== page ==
Making Your Website ADA Compliant in 2018

Making Your Website ADA Compliant In 2018

The Americans with Disabilities Act (ADA) was signed into law by President Bush twenty-eight years ago this month, giving all disabled Americans individual rights protections similar to those that had been previously granted minorities when the Civil Rights Act of 1964 was passed.


Simply put, the ADA guarantees that people with disabilities enjoy equal access to things like public accommodations, employment, transportation, state/local government services and telecommunications.


And, in 2010, the Department of Justice added the World Wide Web to list when it issued an Advanced Notice of Proposed Rulemaking for the purpose of establishing “requirements for making the goods, services, facilities, privileges, accommodations, or advantages offered by public accommodations via the Internet, specifically at sites on the World Wide Web (Web), accessible to individuals with disabilities.


ADA Compliance For Montessori Websites

A Montessori classroom is about nothing if not diversity and the promotion of equality, so it’s especially important that Montessori websites reflect these tenets by being ADA compliant.


Essentially, ADA compliance means that your website and its content be easily perceived, operable, navigational, understandable to all users with disabilities, no matter the type or types.


This also means that your website is compatible with any software or assistive technologies (screen readers, head pointers, motion trackers. etc.) that a person with disabilities might use to interpret your content.


In looking for the best source for guidelines to help website owners maintain compliance, the DOJ turned to World Wide Web Consortium (WC3), which is the primary source for international web standards.


The WC3’s Website Content Accessibility Guidelines (WCAG) Version 2.0 is currently the definitive guide for anyone wanting to make sure their website is ADA compliant.


The “Guidelines” portion of WCAG 2.0 consists of four main “Principles,” each presiding over one-to-four pertinent guidelines which are themselves divided into as many as ten subsets, but we’ll provide more of a general overview here.


Principle 1: Perceivable - Information and user interface components must be presentable to users in ways they can perceive.

In order to make your web content distinguishable for people with any type of disability, it’s important to consider the many ways in which different types of disabilities might affect a disabled user’s experience:


  • If your site contains non-text content (images, audio, video, etc.) have you provided text alternatives such as large print, braille, speech, symbols or simpler language?
  • Audio and video are also examples of time-based media, for which alternatives must be provided as well. Not only might this include a text alternative, but possibly audio to accompany video/slides or vice versa.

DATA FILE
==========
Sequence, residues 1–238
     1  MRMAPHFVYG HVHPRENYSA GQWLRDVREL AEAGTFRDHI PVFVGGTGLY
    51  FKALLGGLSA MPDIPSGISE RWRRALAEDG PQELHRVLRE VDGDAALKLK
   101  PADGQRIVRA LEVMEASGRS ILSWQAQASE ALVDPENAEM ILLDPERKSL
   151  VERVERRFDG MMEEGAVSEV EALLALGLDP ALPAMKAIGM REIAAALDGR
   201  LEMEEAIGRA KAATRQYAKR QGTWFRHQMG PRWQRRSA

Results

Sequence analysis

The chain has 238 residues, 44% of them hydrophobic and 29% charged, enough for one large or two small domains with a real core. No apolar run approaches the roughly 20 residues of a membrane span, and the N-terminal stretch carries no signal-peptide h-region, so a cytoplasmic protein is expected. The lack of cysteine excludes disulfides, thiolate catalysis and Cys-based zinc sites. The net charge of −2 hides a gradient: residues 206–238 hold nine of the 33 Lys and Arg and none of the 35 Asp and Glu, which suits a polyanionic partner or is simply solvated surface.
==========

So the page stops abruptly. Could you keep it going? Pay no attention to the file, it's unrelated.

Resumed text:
• In taking into account the varied needs of diversified users, it’s important to create content that can be presented in more than one way, without losing information or structure.
  • Have you made it easy for users to see and hear content?


Principle 2: Operable - User interface components and navigation must be operable.

Understandably, your website must be easy for any user to find their way around.


  • Are all functions able to be utilized from the keyboard?
  • Does every user have enough time to absorb your content?
  • It’s imperative not to use content that can cause seizures, most notably brightly flashing animation.
  • There should be ample ways for anyone to navigate your website so that content is easy to locate and users can determine where they are.


Principle 3: Understandable - Information and the operation of user interface must be understandable.

Perhaps most important for any Montessori website, your content should be able to be understood by anyone.


  • Is the text easy to read and comprehend?
  • Do your Web pages appear and operate predictably?
  • Be sure to provide users with means to avoid and correct errors.


Principle 4: Robust - Content must be robust enough that it can be interpreted reliably by a wide variety of user agents, including assistive technologies.

Last, your content should be solid enough to be clear to any user, no matter what type of software or adaptive device it’s being delivered through.


  • Is your website and its content compatible with all current and future user-agent software and assistive technologies, such as screen readers, head pointers or motion trackers?


Nido Marketing’s ADA Compliance Support for Montessori Websites

WCAG 2.0’s “Introduction” comes complete with lists of “Supporting Documents” and “Important Terms,” while its “Conformance” section lays out conformance requirements and claims criteria.

Lastly, its comprehensive “Appendices” include a lengthy glossary.

But, even with all the helpful material and (mostly) plain language, WCAG 2.0 and the topic of ADA compliance can seem daunting.


Curious to see how your website complies?

Follow this short video tutorial to get a free audit of your website’s accessibility.

At Nido Marketing, we understand and we’re here to help, whether you merely have questions, are in need of a compliance audit or would like us to maintain your site full time.

If you’re interested in learning more about ADA compliance and how Nido Marketing can make things easier, we’re ready and waiting to hear from you.


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